Several years ago I was hired to facilitate executive team off-site meeting in a mid-sized company. The goal of the meeting shred to me was to find opportunities for upgrading their efforts and results during the next year. Everyone looked engaged, presentations were going as planned, people were strict with the timekeeping. At the beginning, or at least in the first half of the day it seemed they have excellent preparation and didn’t need a facilitator. I walked through the room and talked with different executives, just to find that from their perspective, everything looked just perfect – structured presentations, time management, respect to each other. All of them expressed similar information. In the end, I wanted to talk with the CEO about his position. My surprise in the beginning was that the CO didn’t share other enthusiasm and has seen it from a different angle. In his eyes people were defensive and ready to collaborate and focused only on themselves.
After this short conversation, I started looking more carefully into details and soon I have understood what this team main challenge was. They were not thinking as a team.
Each person represented different parts of the business of the company. He or she had its concerns and goals, but they weren’t aligned with others or in some cases even opposing them. No one had the “big picture”. No one was looking for a one body company strategy. Instead they were trying to plan only for their department without any interest how their plans are going to affect other departments. None of the people in the room was committed to a higher purpose than the one of its department. If I have to represent it with a graph may be the best visual can be an arrow with detached internal powers.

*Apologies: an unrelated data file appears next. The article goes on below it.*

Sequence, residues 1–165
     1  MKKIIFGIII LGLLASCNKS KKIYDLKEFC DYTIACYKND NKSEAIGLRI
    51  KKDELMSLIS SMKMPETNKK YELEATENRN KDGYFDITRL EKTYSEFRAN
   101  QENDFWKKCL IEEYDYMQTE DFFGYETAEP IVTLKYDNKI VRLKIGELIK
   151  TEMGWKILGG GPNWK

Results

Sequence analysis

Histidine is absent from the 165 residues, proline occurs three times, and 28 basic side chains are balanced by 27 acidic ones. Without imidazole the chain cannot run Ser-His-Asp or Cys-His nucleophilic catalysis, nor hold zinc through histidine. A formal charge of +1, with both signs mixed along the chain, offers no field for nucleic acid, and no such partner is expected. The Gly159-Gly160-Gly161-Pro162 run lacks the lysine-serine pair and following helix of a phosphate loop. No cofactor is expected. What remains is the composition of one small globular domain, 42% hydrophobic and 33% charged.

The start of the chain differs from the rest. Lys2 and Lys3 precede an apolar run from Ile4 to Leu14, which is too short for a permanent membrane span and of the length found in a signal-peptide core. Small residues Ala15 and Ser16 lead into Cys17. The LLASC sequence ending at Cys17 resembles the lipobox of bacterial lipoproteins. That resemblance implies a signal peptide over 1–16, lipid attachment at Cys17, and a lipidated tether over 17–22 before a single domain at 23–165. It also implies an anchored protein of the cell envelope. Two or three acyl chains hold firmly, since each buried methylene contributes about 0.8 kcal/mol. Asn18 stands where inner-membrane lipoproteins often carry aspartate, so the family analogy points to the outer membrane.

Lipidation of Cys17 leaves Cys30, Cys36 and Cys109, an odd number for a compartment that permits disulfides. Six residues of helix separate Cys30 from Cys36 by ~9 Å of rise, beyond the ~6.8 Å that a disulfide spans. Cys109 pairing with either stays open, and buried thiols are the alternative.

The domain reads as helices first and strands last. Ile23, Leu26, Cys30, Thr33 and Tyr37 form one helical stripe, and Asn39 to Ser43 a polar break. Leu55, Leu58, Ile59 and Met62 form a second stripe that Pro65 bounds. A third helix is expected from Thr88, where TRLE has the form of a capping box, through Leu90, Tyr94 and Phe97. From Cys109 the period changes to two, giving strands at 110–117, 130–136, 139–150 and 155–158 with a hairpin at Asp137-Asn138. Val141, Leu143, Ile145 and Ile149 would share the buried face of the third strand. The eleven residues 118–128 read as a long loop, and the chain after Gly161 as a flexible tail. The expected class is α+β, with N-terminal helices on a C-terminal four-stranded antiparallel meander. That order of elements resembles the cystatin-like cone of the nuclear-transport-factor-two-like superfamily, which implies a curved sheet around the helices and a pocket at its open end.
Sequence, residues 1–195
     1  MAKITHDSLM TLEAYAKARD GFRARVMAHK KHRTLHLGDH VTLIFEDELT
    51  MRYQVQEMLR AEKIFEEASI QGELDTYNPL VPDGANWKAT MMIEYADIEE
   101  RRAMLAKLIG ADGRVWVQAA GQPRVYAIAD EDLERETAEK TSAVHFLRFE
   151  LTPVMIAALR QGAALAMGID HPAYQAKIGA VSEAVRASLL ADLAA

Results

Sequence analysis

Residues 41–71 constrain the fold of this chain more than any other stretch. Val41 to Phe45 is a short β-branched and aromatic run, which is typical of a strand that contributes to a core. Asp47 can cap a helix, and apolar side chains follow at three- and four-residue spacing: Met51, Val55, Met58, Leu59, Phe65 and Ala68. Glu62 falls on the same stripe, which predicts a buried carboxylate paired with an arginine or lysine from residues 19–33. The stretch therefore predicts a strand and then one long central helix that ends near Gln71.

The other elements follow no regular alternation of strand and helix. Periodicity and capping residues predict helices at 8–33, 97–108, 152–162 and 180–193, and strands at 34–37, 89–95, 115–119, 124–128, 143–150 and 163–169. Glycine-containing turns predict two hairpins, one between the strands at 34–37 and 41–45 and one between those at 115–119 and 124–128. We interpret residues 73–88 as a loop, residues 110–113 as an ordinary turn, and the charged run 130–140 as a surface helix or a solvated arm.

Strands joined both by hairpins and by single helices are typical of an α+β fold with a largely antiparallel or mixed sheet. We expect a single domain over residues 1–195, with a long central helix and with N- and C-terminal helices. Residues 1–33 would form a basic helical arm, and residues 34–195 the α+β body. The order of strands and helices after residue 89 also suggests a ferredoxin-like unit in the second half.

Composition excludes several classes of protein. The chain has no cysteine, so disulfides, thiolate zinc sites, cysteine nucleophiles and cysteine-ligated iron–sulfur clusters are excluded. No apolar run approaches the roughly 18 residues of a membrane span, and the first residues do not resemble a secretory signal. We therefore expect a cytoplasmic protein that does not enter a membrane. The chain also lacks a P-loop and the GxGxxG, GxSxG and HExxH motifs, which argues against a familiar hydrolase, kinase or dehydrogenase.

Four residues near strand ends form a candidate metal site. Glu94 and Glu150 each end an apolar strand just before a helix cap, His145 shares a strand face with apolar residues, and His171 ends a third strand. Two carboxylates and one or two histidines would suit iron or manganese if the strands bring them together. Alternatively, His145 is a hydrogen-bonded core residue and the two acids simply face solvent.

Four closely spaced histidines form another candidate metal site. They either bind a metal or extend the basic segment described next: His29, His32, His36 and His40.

What I quickly understood is that each person in the room was thinking only on his or her arrow, or their piece in the company, but no one knew where its department or goals are positioned into the whole company and how are they connected or opposed to the others goals. It could have been fine if each of them was running a separate company, but they weren’t. I couldn’t blame them for that. They were all smart, educated and energy and purpose-driven people. All of them understood very well the importance of having a solid strategy, committed to a larger purpose. What they missed was to set a reminder to help them stay on track with the larger company’s purpose and goal.
At the next pause, I have asked them to come with me to one of the flipcharts and draw there the arrow from the figure above with all the small arrows inside. Then I explained to them what I have observed and how their strong strategies and goals are missing the big picture the CEO sees and the company aims to achieve.
After that, we started debating again on the goals each department has set. We reduced some of the goals, redefined others, removed some of the projects and combined others. It took u more than 3 hours, but in the end, we had a strategy and goals containing 35% fewer goals and 11 projects less. Then I stand up and draw again an arrow, but this time when I filled the content of small arrows they looked different. There was no clue of the chaotic show up in the beginning and while I was drawing the arrow I have explained every step e got trough.